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17 Foraging in Flies and Worms

Mario De Bono, Marla B. Sokolowski


Food acquisition is a cornerstone in the struggle for animal survival. The mechanisms by which animals locate, evaluate, and acquire food are often defining features of a species and are manifested in its anatomy, physiology, and behavior. For example, foraging strategies can strongly shape sensory modalities (e.g., hearing in owls; electric organs in fish; echolocation in bats). Foraging success is probably a prime mover in the evolution of more complex behaviors; e.g., group hunting (wolves, orcas) and colonial life in insects (Wilson 1975; Choe and Crespi 1997). Our goal in this chapter is twofold: to provide a brief but not exhaustive overview of foraging in the insect Drosophila melanogaster and the nematode Caenorhabditis elegans, and to identify areas for future research.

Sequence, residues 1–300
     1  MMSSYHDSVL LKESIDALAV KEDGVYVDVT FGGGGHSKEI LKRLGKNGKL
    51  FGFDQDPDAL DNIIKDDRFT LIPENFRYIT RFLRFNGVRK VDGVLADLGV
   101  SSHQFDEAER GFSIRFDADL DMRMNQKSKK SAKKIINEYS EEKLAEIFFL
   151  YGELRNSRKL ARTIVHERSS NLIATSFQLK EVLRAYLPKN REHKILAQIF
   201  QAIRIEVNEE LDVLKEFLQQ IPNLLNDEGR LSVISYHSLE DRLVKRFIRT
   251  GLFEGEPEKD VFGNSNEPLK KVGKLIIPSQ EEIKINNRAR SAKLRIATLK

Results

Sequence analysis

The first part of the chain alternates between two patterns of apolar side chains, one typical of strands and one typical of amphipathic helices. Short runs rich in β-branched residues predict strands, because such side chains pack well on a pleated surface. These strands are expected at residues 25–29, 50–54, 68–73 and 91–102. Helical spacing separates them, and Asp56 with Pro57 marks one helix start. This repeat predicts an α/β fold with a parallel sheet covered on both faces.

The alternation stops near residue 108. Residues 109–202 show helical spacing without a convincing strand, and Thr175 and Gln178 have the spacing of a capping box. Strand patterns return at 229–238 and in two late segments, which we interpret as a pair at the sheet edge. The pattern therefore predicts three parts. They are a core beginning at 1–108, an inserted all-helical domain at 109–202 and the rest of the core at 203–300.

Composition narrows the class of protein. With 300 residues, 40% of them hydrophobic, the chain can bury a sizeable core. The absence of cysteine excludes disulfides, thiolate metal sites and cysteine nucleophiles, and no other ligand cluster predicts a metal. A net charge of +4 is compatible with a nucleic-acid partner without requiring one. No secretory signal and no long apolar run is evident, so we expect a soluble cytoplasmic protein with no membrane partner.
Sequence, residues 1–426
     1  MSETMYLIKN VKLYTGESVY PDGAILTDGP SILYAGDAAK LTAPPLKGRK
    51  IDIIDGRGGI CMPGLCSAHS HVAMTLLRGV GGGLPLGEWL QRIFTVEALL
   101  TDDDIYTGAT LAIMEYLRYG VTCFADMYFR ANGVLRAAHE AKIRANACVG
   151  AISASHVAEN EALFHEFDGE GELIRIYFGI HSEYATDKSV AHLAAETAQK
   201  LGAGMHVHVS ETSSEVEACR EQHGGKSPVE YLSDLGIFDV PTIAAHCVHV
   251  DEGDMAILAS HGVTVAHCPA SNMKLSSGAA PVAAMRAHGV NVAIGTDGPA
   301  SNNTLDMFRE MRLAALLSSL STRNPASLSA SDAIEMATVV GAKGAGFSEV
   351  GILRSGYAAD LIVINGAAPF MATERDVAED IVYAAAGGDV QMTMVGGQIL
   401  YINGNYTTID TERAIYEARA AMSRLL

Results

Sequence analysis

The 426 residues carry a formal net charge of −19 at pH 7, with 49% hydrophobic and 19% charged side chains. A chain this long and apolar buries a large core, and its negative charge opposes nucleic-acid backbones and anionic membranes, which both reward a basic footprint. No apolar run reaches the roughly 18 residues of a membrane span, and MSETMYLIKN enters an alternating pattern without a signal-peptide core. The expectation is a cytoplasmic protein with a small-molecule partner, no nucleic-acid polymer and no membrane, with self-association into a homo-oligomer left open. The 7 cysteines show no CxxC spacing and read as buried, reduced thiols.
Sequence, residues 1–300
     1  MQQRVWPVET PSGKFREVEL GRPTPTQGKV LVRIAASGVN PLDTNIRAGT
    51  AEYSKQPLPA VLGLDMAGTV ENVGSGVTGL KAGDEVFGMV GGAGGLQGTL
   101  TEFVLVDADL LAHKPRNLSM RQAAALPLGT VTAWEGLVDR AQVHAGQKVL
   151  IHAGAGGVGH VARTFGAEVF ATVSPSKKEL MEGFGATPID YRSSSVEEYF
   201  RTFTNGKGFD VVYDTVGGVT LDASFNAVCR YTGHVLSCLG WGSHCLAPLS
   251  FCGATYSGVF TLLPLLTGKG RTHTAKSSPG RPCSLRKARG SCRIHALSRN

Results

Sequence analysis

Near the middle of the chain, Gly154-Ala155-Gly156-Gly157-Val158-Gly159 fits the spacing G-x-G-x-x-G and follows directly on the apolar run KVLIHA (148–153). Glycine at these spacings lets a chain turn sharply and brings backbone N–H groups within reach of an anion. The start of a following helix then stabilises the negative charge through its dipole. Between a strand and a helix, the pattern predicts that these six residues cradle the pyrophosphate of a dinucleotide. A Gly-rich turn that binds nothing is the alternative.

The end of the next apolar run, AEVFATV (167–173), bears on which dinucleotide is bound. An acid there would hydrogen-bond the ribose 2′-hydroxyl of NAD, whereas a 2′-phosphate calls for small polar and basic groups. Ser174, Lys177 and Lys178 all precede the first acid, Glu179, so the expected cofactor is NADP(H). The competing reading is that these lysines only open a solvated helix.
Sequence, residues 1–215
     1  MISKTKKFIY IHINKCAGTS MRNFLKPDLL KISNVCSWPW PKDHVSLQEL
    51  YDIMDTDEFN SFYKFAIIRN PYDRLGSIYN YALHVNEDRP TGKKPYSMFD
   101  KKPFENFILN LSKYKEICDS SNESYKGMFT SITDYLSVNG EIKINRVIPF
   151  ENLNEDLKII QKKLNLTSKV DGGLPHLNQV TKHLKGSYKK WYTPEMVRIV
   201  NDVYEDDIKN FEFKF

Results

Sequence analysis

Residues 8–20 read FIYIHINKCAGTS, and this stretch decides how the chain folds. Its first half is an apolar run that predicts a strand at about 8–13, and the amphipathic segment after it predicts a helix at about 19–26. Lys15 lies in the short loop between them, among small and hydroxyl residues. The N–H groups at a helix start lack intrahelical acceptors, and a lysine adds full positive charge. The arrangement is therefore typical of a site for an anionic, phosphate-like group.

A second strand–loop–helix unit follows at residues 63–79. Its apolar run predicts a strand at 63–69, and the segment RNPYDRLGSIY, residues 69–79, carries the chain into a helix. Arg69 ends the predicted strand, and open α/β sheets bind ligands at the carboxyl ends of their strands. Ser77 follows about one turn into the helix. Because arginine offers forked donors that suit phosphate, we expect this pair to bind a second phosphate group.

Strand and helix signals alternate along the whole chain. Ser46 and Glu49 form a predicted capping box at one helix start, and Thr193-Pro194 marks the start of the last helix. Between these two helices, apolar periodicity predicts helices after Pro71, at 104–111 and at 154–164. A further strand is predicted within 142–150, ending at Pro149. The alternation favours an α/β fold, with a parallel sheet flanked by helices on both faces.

What do we mean by foraging? Here we use foraging to encompass food-related behaviors. This includes animal responses to food and food-derived cues, and patterns of food intake. Many of the challenges associated with foraging by Drosophila and Caenorhabditis are general. For example, in both organisms foraging is affected by environmental factors such as food quality, distribution, and abundance; smell; taste; and intra-and inter-species competition. Recognizing this complexity lays the groundwork for thinking about the neurobiology of foraging. By neurobiology of foraging we mean the circuits and molecules regulating foraging and how these features respond to ever-changing environments internal and external to the animal.

C. elegans (Fig. 1) is a free-living nematode that lives at the air/water interface in decaying organic matter. It feeds on...

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